Improving Employee Morale Can Save You Money.

Don’t let the high-cost of turnover hurt your bottom line.

If you’re looking at ways to gain capital for equipment financing, start looking at your turnover rate. Full-time employees spend, on average, 47 to 60+ hours per week working for your business. Employers hope time is well spent and contentment levels are high. After all, investing in the training of an employee, only to see them turnover within 1-3 years is poor ROI.

According to The Wall Street Journal, it can cost “upwards of twice an employee’s salary to find and train a replacement.” That is expensive and can eat away at the money you planned to use towards tangible capital.

Employee morale is important to all employers. However, boosting morale is full of misconceptions. There is much more to forging a positive work environment and getting the most from your employees than spending more money on office parties or providing more paid leave. Let’s talk about what to do and more importantly, what not to do.

Firstly, what not to do:

  1. Turn meetings in to complaint sessions.
    If you’re office meetings turn in to you yelling at your employees or listening to them complain about work, you’re underutilizing precious time. Try using meetings for updates, strategy and employee kudos.
  1. Have no tangible ties to the company’s mission or vision.
    Do your employees know the mission/vision of your business? Does your mission and vision permeate the workplace language, brand, culture and rules? If not, share the vision/mission with them and watch them become inspired and motivated. Without vision, the people perish.
  1. Ignore office politic and bad attitudes.
    You may think that the politics and attitudes within the office are not your problem. But anything that is negatively impacting your employees is you problem. If good employees are upset, they will leave.
  1. Have unclear expectations.
    If employees are confused about what you expect them to do and how quickly, less ambitious employees could appear lazy and the more ambitious may jump in to tasks only to mess them up. This causes unnecessary frustration within a staff and can turn you in to their worst critic.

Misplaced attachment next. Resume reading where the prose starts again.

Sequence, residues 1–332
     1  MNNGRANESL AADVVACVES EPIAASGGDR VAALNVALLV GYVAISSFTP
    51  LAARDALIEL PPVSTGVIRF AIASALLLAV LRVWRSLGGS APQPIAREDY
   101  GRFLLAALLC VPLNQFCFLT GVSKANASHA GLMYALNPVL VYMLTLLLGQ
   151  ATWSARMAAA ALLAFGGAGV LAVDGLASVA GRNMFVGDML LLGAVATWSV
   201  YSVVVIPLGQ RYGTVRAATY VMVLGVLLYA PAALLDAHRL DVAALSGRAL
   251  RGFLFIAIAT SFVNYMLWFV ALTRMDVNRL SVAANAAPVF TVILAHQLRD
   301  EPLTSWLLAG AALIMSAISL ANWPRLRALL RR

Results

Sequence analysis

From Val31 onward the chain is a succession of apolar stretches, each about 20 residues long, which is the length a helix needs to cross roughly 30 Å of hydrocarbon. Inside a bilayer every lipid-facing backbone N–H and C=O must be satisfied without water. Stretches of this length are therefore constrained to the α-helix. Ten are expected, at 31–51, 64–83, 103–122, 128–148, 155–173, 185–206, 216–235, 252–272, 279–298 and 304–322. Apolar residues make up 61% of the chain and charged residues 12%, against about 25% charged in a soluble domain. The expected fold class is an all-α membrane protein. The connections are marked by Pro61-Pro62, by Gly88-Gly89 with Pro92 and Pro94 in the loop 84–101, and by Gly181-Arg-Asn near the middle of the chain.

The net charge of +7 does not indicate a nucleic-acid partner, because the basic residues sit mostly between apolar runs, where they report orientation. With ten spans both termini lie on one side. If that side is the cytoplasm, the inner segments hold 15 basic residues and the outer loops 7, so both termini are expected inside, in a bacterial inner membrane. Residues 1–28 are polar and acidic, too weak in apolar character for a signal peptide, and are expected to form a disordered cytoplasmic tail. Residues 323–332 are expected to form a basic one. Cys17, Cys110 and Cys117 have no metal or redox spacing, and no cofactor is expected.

1. Incentivize rivalry.
    Some contests can be fun (i.e. department fundraising for the holidays), but generally, anything that pits individual employees against one another will prove to be divisive and potentially cause resentment.

Lastly, some easy, often overlooked workplace basics that help employees feel respected and valued for the job you have tasked them to do:

  1. Meet with employees regularly.
    A great way to ensure employees know the mission of the company and your expectations of them, as well as make you privy to negative aspects of the workplace is to meet with your employees. Just ensure meetings are not only for reviews; it’s important to have a great working relationship with your team.
  1. Make the office fun.
    Create office traditions, play games, serve the community, bring something special to the office that makes it more than a paycheck. Don’t have any great ideas? HERE are a few suggestions.
  1. Treat employees like people.
    When are employee’s birthdays? Is there a wedding or baby in the future? Why did they apply to work for you in the first place? What motivates them? You should know the answers to these questions.Employees want to know if they are doing something right, not just hear from you when they committed a wrong. Make sure to thank them when their job has been well done. There are few things more dehumanizing than a thankless job.
  1. Offer training.
    Without professional development, your hard-working, most ambitious employees get bored and will look for opportunities elsewhere. Unless you want to be the jump-start to someone’s career, at minimum ensure that you create in-house mentorship from more seasoned employees.
  1. Give small perks with big personal impact.
    You may have commuters, employees with young families or you can guarantee that most people would love working at home in their pajamas. Think about rewarding employees who meet goals with something other than a small check. Think flex hours, a free annual bus pass or covering the cost of a night out with the family. Be creative and positively impact your employees lives.Most importantly, be genuine. Show that you care about the lifeblood of your organization through recognition, rewards and appreciation. No one wants to work harder for someone who they don’t respect or even more so, who doesn’t respect them.  Love your employees and they will be much more keen to love you back. Your bottom-line thanks you.
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